Here’s what I mean: about three years ago I was camping with my significant other at the time. We were in a beautiful cove on a lake. The weather was perfect and our camp chairs comfortable. I remember thinking “What else do you need? You’re with someone you love who loves you back and in God’s glorious creation of nature. This is true success and contentment.”

    And it was. But I can still enjoy a relaxing night in a four-star hotel or a day of shopping in Beverly Hills.

    So I understand that it is about being in the moment- whether in a camp ground or at the Mall.

    Thanks for sharing!

  2. When I was a young girl, my mother insisted I take a nap while my much older brothers continued to play outside. I still remember how left-out I felt, hearing their laughter and voices outside while I was trapped in my bed. Much later –as a parent myself–I understood that my mom needed the nap as much or more than I. In fact, I often fell asleep and got much-needed rest. But that feeling persisted for many, many years: the suspicion that someone, somewhere, was having a better time than I was!

    I must have been in my fifties before I was finally able to “Be here now” and relish the moment without hurrying on to the next thing. Everyone needs a boost and a focus check now and then, but for most of us who are driven to succeed, there’s little danger that we’ll stagnate if we allow ourselves to relish — and rest in — where we are today.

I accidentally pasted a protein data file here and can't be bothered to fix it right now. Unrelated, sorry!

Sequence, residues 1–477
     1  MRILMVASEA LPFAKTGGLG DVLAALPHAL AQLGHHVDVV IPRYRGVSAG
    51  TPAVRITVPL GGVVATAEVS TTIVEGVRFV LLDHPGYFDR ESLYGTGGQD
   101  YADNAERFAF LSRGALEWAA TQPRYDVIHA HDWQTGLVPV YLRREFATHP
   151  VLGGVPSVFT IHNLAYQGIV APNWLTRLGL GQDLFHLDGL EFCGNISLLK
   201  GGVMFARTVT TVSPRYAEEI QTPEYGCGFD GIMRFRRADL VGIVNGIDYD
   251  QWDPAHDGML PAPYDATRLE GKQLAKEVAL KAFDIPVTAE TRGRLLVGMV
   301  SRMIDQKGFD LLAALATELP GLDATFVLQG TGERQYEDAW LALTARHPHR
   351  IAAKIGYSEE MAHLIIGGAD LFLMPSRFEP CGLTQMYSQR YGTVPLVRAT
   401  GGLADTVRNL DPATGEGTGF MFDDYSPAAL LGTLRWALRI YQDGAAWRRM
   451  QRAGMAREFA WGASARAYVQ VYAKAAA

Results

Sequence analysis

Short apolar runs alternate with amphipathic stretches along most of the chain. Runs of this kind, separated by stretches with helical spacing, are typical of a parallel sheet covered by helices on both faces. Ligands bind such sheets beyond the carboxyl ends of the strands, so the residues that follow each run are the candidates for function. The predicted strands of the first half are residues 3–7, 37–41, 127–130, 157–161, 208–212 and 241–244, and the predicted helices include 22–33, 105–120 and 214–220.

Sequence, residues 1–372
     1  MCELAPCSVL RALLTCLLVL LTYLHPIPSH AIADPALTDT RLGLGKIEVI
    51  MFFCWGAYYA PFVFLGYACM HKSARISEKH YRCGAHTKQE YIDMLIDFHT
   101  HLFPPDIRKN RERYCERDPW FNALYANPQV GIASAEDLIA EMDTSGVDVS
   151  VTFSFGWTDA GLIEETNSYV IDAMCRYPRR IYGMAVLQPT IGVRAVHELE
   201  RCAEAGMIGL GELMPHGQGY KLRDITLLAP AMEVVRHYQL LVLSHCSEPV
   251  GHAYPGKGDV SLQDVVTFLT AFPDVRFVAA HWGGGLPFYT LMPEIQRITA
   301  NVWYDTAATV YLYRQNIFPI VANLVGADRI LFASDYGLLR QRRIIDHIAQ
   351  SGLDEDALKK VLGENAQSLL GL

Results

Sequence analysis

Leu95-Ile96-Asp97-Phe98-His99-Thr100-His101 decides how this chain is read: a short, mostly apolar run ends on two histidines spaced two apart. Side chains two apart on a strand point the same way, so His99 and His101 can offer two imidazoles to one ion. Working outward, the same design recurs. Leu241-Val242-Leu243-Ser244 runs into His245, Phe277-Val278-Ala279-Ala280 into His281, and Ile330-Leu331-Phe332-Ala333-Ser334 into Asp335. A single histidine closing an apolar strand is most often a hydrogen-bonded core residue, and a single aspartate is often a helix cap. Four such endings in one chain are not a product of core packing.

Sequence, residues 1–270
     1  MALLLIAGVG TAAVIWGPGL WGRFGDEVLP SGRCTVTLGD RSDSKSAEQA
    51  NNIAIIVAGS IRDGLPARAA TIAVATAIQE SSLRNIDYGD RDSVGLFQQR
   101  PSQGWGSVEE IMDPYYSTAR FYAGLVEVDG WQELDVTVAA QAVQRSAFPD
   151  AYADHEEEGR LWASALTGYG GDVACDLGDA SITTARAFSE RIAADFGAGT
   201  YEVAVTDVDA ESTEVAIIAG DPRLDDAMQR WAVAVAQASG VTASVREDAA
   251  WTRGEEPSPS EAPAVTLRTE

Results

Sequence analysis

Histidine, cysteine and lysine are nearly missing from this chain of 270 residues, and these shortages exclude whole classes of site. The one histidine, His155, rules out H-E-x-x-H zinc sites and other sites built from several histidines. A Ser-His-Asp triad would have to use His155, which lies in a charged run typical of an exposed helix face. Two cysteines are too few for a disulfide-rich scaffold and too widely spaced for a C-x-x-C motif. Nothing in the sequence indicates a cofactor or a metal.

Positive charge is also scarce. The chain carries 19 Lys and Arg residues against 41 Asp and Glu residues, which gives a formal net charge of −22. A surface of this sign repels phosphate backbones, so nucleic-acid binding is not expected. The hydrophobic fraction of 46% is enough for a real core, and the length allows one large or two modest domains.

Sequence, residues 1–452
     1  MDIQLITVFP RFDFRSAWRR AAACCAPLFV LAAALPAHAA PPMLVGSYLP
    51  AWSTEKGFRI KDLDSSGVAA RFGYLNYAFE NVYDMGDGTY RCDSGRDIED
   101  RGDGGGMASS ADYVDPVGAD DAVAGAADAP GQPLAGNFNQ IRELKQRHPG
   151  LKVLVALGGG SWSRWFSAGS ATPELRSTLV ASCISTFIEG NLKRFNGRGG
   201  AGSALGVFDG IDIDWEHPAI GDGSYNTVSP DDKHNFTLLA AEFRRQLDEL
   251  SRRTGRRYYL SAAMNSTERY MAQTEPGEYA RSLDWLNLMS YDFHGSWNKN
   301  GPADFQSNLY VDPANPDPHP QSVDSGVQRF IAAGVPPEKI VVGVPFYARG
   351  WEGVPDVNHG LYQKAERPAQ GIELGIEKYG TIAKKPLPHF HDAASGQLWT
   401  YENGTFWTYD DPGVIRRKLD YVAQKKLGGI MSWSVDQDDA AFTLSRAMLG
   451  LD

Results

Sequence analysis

Remember the rush you felt to get older? “I’m 12 and three quarters.” Couldn’t wait to be a teenager. “I’m almost 21.” Always such a hurry. Now I think, “I’m barely over 60!” Slow down, years!

    Whether we love where we are or not, the one thing we can be sure of is that it won’t last. Ready or not, it will change.

  3. Rachael Moore says:

    What a great way to think about it!

    I have ‘resolved’ to save more money but keep finding myself dreading the steps to take to save more (cook at home, drink less tea/soda, or avoiding Wal-Mart) instead of looking around me at what I already have and realize that I have everything I need, just not everything I WANT!

    I am neglecting the fact that while I’m in the ‘gap’ I could be setting a good example for my children, teaching my children about money and how to ‘save for a rainy day’, or even that I could enjoy watching my savings grow! I could even approach the schools in my area to incoorporate money education into their cirriculum, which is what every parent expects but it is NOT being done!

    Thanks for the perspective – you’re a wonderful person Marlene!

  4. Joan Schramm says:

    You must be reading my mind!

    I’ve been working through this issue lately, and learning that I need to stop paddling upstream and just relax, let the stream take me, and enjoy the ride on the river.

    I will always have desires and will always want more — that’s what life is all about — but while I’m waiting for my desires to manifest themselves I can relax where I am right now and be happy and comfortable.